I noticed that both of you simplified a 'concussion' to be caused by the decceleration of the brain against the skull, which isn't incorrect, BUT there's still that can of worms in that concussions are things that are still not fully understood by medical professionals and differ from person to person. Essentially, there's still a lot of research that needs to be done to examine the synergy between helmet and head.

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07-30-2013, 11:37 AM
  #31
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You're right, concussions are different for all people and can be caused in, seemingly, infinite different ways.

Its too bad that there is not better testing and approvals in the hockey helmet industry.

For instance, in bike, car and motorcycle helmets you have the SNELL testing, which is an independent test that has higher ratings and restrictions than the standard government ANSI testing.

A helmet does not have to have the SNELL approval like it does the ANSI testing, however, you know as a consumer if it has the SNELL approval, it is a higher standard of protection than something that simply meets ANSI testing. Manufacturers have to pay SNELL to do the testing and get the approval so its a much added selling point and is required for certain things.

For instance, ANSI just tests impact ratings, but SNELL goes farther. A motorcycle helmet receives an "M" SNELL rating and must meet certain peripheral vision requirements and are weighted more to one single very significant impact (like falling off a motorcycle).

An "SA" or special application SNELL rating is required by most auto racing bodies because the testing looks more into fire resistance (for being stuck in a burning car, not something a motorcycle generally faces) and being able to handle a different kind of impact, because a car crash will result in the driving hitting his head on roll cages and steering wheels rather than against the pavement at 150 mph.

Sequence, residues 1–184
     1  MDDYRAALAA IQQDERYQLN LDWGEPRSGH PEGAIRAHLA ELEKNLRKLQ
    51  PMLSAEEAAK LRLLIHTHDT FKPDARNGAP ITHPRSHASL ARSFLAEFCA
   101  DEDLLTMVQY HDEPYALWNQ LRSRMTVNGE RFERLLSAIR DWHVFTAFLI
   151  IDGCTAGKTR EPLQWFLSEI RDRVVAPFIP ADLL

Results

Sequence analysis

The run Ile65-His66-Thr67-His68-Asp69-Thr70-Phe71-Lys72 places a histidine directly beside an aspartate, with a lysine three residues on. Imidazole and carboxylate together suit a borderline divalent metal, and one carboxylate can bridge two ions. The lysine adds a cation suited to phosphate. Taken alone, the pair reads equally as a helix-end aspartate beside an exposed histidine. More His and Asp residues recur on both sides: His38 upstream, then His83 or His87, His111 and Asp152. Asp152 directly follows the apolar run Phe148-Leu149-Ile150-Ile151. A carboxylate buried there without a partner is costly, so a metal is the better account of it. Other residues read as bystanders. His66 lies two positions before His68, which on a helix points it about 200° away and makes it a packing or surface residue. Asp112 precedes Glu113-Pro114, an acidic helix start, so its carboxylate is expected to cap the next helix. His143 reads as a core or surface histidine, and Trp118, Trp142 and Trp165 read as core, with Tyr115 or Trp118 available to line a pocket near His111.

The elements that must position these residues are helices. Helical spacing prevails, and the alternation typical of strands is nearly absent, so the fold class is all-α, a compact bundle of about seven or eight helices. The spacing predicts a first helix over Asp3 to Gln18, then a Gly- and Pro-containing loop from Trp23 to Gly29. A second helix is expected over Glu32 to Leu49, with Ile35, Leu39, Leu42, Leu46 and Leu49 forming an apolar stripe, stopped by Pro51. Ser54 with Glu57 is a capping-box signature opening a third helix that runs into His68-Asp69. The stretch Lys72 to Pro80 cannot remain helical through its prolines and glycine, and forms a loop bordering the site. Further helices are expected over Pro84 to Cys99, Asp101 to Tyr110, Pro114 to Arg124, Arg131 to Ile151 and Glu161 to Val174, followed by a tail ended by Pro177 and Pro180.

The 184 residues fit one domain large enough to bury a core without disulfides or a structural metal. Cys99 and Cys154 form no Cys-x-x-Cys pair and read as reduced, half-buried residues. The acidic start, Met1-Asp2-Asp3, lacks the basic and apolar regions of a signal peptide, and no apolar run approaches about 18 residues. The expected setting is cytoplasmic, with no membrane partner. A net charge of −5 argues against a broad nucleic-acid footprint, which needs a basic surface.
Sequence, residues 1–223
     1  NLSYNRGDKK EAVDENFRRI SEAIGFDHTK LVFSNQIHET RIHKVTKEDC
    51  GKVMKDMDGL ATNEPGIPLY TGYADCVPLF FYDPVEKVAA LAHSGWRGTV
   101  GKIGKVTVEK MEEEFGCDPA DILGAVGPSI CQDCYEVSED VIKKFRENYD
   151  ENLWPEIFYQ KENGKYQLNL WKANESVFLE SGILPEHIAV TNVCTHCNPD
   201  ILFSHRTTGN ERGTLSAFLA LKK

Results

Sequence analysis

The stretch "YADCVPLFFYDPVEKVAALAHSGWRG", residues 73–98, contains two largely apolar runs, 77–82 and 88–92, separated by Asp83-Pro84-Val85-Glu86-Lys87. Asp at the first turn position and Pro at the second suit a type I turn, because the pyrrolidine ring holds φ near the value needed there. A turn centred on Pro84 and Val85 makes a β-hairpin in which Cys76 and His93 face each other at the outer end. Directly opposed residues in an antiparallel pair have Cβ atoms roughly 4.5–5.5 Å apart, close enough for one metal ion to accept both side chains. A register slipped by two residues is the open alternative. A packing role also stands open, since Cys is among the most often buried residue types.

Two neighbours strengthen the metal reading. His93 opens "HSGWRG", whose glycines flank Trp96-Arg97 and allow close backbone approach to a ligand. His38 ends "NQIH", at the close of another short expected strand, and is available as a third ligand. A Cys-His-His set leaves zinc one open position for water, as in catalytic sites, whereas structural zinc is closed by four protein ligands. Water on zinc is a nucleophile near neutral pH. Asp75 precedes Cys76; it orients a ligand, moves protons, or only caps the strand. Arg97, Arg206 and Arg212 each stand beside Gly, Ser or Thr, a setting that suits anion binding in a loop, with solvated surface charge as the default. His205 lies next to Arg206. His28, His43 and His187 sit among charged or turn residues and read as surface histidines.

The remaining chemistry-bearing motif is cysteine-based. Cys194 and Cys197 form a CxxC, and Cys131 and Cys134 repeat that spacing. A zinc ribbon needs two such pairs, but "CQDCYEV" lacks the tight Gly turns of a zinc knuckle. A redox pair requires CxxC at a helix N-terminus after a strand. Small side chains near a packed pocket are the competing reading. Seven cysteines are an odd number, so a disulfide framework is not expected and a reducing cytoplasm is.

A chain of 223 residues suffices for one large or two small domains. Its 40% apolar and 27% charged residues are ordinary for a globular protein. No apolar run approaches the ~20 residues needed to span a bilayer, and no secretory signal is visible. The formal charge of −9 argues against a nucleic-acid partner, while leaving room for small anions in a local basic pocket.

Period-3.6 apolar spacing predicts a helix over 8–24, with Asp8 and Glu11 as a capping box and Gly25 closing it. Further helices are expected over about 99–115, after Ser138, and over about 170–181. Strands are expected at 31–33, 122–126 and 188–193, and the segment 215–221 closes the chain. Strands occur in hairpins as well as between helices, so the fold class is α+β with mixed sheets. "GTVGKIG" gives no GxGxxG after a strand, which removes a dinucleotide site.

So its a further testing that takes into account specific kinds of protection based on the helmets use.

It would be great to have something like that in hockey that can help narrow down all these different kinds of helmets and rate them better based on their safety and does a Re-Akt, for example, do a better job than a basic 2100 helmet.

The bottom line though is that fit is still the most important thing in a helmet. If it fits it will certainly protect. Now, if two helmets fit equally well, do your research on how the helmet is constructed and make your own decision on whether one will provide you better protection or not. But make sure they fit first and foremost.

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07-30-2013, 12:10 PM
  #32
AIREAYE
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Quote:
Originally Posted by jsykes View Post
The bottom line though is that fit is still the most important thing in a helmet. If it fits it will certainly protect. Now, if two helmets fit equally well, do your research on how the helmet is constructed and make your own decision on whether one will provide you better protection or not. But make sure they fit first and foremost.
The golden rule; penultimate guideline. The answer to all 'what helmet should I get?' questions.